[TechSparks 2020] Key takeaways on how an Aatmanirbhar Bharat can build for the world

Speakers at TechSparks 2020 outlined what being a self-sufficient India that creates world-class products entails. Here’s a distillation of that long list.
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From founders who have built mammoth unicorn companies and cutting-edge products, to a cross-section of the ecosystem that enabled them to build those empires – investors, policymakers, leading technologists, data scientists, etc, speakers at YourStory’s flagship event TechSparks 2020 ran the gamut.

The summit focussed on the ground realities to understand how the COVID-19 pandemic has changed the order of things – and took a bird’s eye view of the ecosystem as a whole, which has been churning out world-class products, one after the other.

Over some hundred virtual sessions last week, we learned that India is at a crucial juncture in its startup journey. Indian innovators started off with building for people who had disposable incomes, moved to creating products for people in lower-tier cities and solving for rural India, and are now moving even deeper into the country, but with an acute focus on moving beyond the country’s geographical boundaries.

The goal of becoming an ‘Aatmanirbhar Bharat’, but building for the world had been the overarching theme of TechSparks 2020 – and our hundreds of speakers helped us chart out some ways to achieve that. Here’s a quick rundown:

More entrepreneurs, more employment - Nithin Kamath, CEO and Co-founder of Zerodha

Nithin said the best time to start a business in India is now, and founders who can help get rid of very basic problems using sustainable, lasting solutions enabled by tech can help create jobs, and thereby, put India on the map as an innovation leader.

“The real way for India to become a global superpower is with more entrepreneurs who create more employment,” he said.

Shradha Sharma in conversation with Nithin Kamath at TechSparks 2020

Infuse Indian ethos into Indian products - Bhavish Aggarwal, CEO and Co-founder of Ola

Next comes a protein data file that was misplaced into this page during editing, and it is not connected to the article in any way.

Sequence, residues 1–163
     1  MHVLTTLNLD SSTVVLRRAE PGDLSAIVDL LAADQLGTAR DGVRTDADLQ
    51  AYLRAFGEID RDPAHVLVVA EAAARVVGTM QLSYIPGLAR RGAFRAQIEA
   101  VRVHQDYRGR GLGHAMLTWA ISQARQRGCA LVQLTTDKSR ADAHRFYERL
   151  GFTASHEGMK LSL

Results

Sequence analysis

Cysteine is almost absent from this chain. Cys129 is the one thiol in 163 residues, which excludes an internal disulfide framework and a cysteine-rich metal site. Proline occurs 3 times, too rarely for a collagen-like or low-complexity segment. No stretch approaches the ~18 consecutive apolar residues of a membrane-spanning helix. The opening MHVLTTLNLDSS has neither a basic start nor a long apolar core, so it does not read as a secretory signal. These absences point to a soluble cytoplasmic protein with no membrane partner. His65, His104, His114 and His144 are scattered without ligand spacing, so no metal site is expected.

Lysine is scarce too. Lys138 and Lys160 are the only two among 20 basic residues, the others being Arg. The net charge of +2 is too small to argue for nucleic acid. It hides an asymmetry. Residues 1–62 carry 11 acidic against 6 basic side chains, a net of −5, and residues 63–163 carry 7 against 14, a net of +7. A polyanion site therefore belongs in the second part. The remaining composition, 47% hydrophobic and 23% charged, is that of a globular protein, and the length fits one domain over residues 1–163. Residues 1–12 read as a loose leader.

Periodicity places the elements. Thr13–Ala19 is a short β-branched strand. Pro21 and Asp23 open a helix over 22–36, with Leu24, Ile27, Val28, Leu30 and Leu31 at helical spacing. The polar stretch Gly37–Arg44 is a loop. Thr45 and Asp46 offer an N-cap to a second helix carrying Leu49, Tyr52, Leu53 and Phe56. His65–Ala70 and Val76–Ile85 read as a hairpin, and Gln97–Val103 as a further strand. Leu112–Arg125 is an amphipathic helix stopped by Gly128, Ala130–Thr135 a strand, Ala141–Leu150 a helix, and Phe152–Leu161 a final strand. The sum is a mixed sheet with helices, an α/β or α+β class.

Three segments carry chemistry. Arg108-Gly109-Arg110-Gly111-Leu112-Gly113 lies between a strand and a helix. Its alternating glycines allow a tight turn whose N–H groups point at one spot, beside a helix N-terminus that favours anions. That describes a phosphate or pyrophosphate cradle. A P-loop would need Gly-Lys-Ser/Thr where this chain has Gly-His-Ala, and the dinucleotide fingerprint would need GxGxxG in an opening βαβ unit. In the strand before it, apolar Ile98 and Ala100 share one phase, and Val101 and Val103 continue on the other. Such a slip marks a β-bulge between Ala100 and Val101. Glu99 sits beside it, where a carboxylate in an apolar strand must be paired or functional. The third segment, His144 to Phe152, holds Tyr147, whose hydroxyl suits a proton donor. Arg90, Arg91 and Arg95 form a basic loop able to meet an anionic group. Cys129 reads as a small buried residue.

Bhavish said that with Ola, his focus from day one was to build a strong tech company which could compete in the global arena, especially since tech is not very different around the world. But the thing that gave Ola an edge has been the organisation’s culture, which has been steeped in Indian ethos.

“Vasudev Kutumbakam is our ethos. That is what is different in India from Chinese or Western culture. If we can build that ethos into our organisations and businesses, we can let the world see India for its greatness, then,” he said.

He also stressed the importance of being able to solve for India first because “a company that builds for India can build for the world.”

Moving in the right direction - Pankaj Makkar, Managing Director of Bertelsmann India Investments

Pankaj said that the Indian startup ecosystem is following the trajectory of China and the US when it comes to building products and services for the rest of the world – we’re now in a second phase where startups are trying to solve problems very endemic to India, but soon, those goals and geographical boundaries will expand.

“With more and more success stories coming out of India, we will reach out to foreign markets. We are moving in the right direction,” he said.

Solving the monetisation problem is a focus for startups right now – and getting it right in India would make it infinitely easier for startups to expand into and tackle the global markets.

“Bharat is a great story, so international users will adopt (Indian products and services). The problem in India is that disposable income in lower-tier Bharat is dramatically lower than in top metros – so solving monetisation is crucial.”

China is gone, and India must fill the vacuum - Sanjay Mehta, Founder and Partner at 100X.VC